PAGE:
05/30/2012 02:42 pm ET Updated Jul 30, 2012

'New' Barnes? No Thanks -- Thoughts on a Cultural Crime Scene

"The main function of the museum has been to serve as a pedestal upon which a clique of socialites pose as patrons of the arts" -Dr. Albert C. Barnes

And so it has happened. Despite the heroic, award-winning film expose Art of The Steal, protests from a diverse chorus of appalled art lovers, and a truly valiant grassroots effort by a group of locals to stop it, the doors to the "New" Barnes Collection in shiny downtown Philadelphia opened to the public last weekend.

Theft is usually met with punishment by government, but when government is a conspirator in that theft it is met with fanfare and black tie cocktail parties. Such is the case with the greatest art heist in history - the stripping of the famed Barnes Collection from its intended home in Merion, Pennsylvania (which Henri Matisse himself once famously remarked was"The only sane place to see art in America") by some of the richest, most powerful people in the country and aided by the state of Pennsylvania and the City of Brotherly Larceny.

Albert C. Barnes, a wealthy physician in the early 20th century, was amazingly ahead of his time in terms of his tastes in artwork. When the art world that was rejected early modern art, Barnes passionately embraced it. By the time the rest of the world caught up with him, he had amassed the greatest collection of the genre on earth and had even become personally friendly with names like Matisse, Picasso, and others who would become giants. Eventually, of course, elitists who arrived late to the party coveted the collection. But by then Barnes would have nothing to do with them. As far as he was concerned, his collection would be a tool for democracy through education--never a backdrop for the privileged class.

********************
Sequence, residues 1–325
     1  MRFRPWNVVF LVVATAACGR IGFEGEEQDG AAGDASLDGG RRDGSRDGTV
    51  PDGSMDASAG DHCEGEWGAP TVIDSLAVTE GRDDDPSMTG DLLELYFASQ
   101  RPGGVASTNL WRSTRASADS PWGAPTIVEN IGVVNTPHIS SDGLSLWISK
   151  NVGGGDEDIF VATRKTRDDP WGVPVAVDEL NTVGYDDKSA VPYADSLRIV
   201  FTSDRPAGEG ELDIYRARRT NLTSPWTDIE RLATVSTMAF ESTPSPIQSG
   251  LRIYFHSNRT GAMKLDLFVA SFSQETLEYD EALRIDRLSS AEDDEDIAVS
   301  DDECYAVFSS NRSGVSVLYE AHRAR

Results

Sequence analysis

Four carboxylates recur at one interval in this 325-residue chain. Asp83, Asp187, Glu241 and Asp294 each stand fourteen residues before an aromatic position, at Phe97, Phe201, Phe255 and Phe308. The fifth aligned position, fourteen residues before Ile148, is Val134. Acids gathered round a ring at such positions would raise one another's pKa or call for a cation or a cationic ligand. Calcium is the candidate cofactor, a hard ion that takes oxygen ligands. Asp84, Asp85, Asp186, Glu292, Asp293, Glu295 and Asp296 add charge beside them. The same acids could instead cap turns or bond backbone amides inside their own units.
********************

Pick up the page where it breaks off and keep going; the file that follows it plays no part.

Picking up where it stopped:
Indeed, the later life of Dr. Barnes was filled with quarrel and disdain toward Philadelphia's elites -- particularly Walter Annenberg, the elitist of them all. When Barnes was suddenly killed in a gruesome 1951 car accident, he had already set up a Trust to manage his collection and the art school he'd set up to use it for inspiration and to study it. He was very explicit in his desire that his collection never, ever be broken up or even loaned out from the gallery building he had meticulously created for it in Merion. The Trust also instructed that when the original Trustees were gone (Barnes had no heirs), a majority of the Board members would be nominated by Lincoln University, the nation's oldest historically black institution of higher learning. As a lifelong progressive and civil rights advocate, had a great deal of faith in Lincoln and particularly its president, his friend Horace Mann Bond, father of modern day civil rights activist Dr. Julian Bond, who has been a great, if largely ignored, champion of the modern-day Barnes preservation cause. The stewardship by Lincoln seemed a fitting progression to Albert Barnes. Not so to covetous powerful white foundations lurking nearby.